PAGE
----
Brian Atkins wrote:
> Isn't this the same as the "hyperthreading"/SMT tech Intel has in the
> Pentium 4 (but not enabled yet) ? Max 30% increase in performance I
I haven't heard about this and will need to investigate.
> Anyway, it's not big news anymore.
Speaking as someone who has watched computer architectures evolve
over 20 years and who understands the bottlenecks in such architectures
pretty well -- I'd say its "big news" if IBM or Intel has licensed
the TERA patents (pointing out that TERA is the real innovator)
or have bypassed the TERA patents (pointing out how sloppy the
TERA attorneys are or how clever the IBM/Intel attorneys are).
A decade ago nobody realized that it is the CPU-to-memory
bandwidth that is the big problem. Now IBM is building an
entire architecture designed to avoid that. It isn't clear
to me whether Intel is following suit, but they are investing
huge amounts in chip architectures (multi-level caches, multi-ALUs,
etc.) that seem to be oriented towards avoiding solving that problem.
Further there are no indications that they are trying to integrate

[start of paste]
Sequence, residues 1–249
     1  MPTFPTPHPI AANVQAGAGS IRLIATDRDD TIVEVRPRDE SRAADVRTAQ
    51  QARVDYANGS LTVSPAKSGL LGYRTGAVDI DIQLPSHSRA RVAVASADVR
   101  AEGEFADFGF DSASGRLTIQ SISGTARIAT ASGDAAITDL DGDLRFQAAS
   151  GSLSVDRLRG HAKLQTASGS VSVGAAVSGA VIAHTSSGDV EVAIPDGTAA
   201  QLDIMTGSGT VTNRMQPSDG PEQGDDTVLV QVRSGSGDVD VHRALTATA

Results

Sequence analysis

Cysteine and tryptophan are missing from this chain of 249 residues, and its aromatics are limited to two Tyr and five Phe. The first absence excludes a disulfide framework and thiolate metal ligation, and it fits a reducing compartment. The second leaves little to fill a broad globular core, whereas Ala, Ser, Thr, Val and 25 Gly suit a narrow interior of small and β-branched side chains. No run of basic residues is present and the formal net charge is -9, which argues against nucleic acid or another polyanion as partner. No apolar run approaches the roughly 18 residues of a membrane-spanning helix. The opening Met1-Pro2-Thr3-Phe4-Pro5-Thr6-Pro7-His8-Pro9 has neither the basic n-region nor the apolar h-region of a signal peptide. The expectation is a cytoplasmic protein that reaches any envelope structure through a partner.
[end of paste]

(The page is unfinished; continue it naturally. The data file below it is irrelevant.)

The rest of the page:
the memory with the logic on a single chip (as IBM is doing).
IBM in contrast seems willing to take the hit and develop a process
that supports memory and logic on the same chip. Big difference
in corporate strategies.
INTEL seems to be planning for the 5 year time frame while IBM
seems to be planning for the 10 year time frame.
If IBM has identified the high-growth market and has developed
a better chip and systems architecture to address that market
then the market may divide again into "consumer systems"
and "research systems" where the consumer systems will
be replaced by research systems as they get smaller and more
This archive was generated by hypermail 2b30 : Fri Oct 12 2001 - 14:40:22 MDT